- Public health and fiscal prudence dictates holding the 11th Congressional District special election in November.
- Given how much we don’t know about the coronavirus outbreak, it is too early to make changes to the November general election.
- Absentee ballot reforms passed in 2019 should be maintained and the use of Multipartisan Assistance Teams to help with absentee voting should be expanded.
As the coronavirus continues to spread across North Carolina, we are having to adjust how we do things. Elections are no different. For North Carolina, an immediate issue has been resolved, but several other election policy issues still need to be resolved.
The North Carolina Board of Elections has announced that they will delay the 11th Congressional District Republican second primary from May 12 to June 23, although it is not clear at this time if the second primary will have to be pushed back again into late summer.
No matter when the 11th District primary is held, one thing that had long been considered a bug in second primaries may be a feature during the coronavirus pandemic: low voter turnout. For example, our most recent second primary, for the Republican nomination in the 3rd Congressional District in 2019, only had 36,019 votes. That relatively low density of voters allows for measures to mitigate the spread of coronavirus such as regular cleaning of voting facilities and marking off entrances to voting areas so that those in line remain six feet apart.
Push back the 11th Congressional District special election to November
It may also be prudent to delay the special election to fill the seat of retiring 11th Congressional District Congressman Mark Meadows to the general election date on November 3. Whoever wins the special election can be sworn in immediately to serve the last couple of months of Meadow’s term until the new Congress is sworn in in January. Gov. Roy Cooper has the power to set the date for the special election.
Pushing back the special election means that the district would be without representation for a longer period, but it will also mean one less instance when election workers will need to congregate for running an election and canvassing votes.
A delay would also be fiscally prudent. If the special election were held in late summer, the western North Carolina counties in the 11th District will have had run four county-wide elections over eight months. With the fiscal strains those counties are facing due to expenses and possible revenue shortfalls related to the coronavirus outbreak, helping those counties save money makes sense.
Do not make any changes to the November election right now
And what should we do right now about the November general election?
Short answer: nothing.
At the moment, we simply do not have the data we need to make an informed decision about possible procedural changes to the general election. Unfortunately, that has not stopped the State Board of Elections from doing just that:
Also, State Board staff members are drafting recommendations for the General Assembly to consider that may help mitigate effects of the COVID-19 virus on upcoming elections. Recommendations may include amending requirements for absentee by-mail voting and steps to ensure an adequate number of poll workers are available.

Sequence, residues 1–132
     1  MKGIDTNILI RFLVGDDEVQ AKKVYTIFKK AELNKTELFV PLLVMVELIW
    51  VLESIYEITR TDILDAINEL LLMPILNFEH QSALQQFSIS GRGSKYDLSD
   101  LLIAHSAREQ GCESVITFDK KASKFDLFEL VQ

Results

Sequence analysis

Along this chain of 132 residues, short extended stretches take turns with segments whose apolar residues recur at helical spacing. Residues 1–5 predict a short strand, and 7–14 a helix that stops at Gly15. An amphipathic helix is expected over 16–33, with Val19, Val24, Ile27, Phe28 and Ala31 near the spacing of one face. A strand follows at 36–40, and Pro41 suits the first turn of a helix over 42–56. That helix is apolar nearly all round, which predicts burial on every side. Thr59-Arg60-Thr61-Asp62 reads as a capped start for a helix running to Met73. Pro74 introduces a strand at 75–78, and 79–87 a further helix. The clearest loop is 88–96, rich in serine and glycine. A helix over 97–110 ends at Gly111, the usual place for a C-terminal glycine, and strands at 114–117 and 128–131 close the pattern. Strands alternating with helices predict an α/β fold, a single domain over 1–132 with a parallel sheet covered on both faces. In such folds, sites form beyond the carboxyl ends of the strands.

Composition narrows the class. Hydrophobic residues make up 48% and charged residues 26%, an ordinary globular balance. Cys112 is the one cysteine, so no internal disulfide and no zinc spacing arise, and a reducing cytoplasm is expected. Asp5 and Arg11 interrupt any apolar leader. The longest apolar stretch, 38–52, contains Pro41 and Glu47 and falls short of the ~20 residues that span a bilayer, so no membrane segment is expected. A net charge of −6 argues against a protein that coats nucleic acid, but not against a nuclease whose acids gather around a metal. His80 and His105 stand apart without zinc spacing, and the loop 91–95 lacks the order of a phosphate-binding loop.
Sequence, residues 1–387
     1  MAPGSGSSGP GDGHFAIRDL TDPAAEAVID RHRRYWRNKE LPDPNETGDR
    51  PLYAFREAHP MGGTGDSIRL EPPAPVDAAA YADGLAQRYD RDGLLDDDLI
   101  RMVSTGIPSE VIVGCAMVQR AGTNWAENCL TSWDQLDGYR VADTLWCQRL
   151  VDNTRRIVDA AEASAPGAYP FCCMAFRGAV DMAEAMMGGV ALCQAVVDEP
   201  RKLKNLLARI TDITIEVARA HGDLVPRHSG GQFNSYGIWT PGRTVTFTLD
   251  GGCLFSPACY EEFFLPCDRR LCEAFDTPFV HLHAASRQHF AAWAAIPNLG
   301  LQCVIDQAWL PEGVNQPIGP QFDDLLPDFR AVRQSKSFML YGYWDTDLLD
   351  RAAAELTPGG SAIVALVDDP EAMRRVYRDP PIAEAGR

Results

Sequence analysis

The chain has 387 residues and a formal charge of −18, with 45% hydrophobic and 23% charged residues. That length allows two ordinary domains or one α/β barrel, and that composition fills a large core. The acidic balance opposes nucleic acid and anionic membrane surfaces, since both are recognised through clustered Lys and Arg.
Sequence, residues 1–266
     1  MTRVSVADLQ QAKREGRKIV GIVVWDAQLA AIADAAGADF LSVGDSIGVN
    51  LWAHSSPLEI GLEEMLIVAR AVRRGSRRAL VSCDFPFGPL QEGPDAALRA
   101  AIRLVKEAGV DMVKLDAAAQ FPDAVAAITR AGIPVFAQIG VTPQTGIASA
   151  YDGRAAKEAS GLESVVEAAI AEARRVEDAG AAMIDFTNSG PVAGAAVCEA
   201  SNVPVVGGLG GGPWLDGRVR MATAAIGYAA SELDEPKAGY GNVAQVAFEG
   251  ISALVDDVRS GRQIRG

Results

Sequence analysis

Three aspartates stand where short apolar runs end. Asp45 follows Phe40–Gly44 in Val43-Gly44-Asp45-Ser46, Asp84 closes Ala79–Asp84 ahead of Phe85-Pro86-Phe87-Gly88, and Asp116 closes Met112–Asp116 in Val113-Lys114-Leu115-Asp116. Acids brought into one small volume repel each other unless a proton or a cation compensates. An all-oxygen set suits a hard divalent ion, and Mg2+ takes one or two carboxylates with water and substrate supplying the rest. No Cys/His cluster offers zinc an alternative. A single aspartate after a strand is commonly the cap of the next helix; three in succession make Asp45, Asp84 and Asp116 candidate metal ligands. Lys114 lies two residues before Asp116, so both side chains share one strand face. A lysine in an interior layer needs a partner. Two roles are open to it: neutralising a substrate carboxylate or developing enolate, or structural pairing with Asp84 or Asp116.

The verbiage is important here. They are not studying the issue. They are not gathering information. They are drafting recommendations. Considering how much we don’t know about how coronavirus will progress over the next few months, drafting recommendations now is premature at best and members of the General Assembly should keep that in mind once those recommendations become public.
Maintain absentee ballot reforms enacted in 2019
Clearly, we will have to wait until the state board releases the recommendations to critique them. However, it is not too early to insist on one thing: that the hard-won bipartisan absentee ballot reforms passed last year not be reversed. Those reforms were in response to the reported ballot harvesting by McCrae Dowless on behalf of Republican Mark Harris in the 2018 9th Congressional District race. Subsequent investigations revealed that ballot harvesting in the 9th District was much more extensive than originally alleged, reflecting a clear danger to the integrity of our elections.
Instead of backtracking on absentee ballot reforms, the State Board of Elections should seek to expand the use of Multipartisan Assistance Teams (MATs).
MATs are currently maintained by every county board of elections to help those in assisted living facilities request and submit absentee ballots. If the coronavirus outbreak results in a rise in the use of absentee ballots in the 2020 general election, the role of MATs could be expanded to aiding any members of the general public who requests it. The state should consider helping county governments pay for expanding MATs, either directly or by establishing a fund to which civic groups can contribute. Given the vulnerable populations that MATs work with, members of those teams should be regularly tested for coronavirus. With the ongoing increase in test production, there should be ample tests available for the purpose by late summer.
There may come a time when we should consider other temporary changes to general election voting procedures for this November due to the coronavirus, but now is not that time.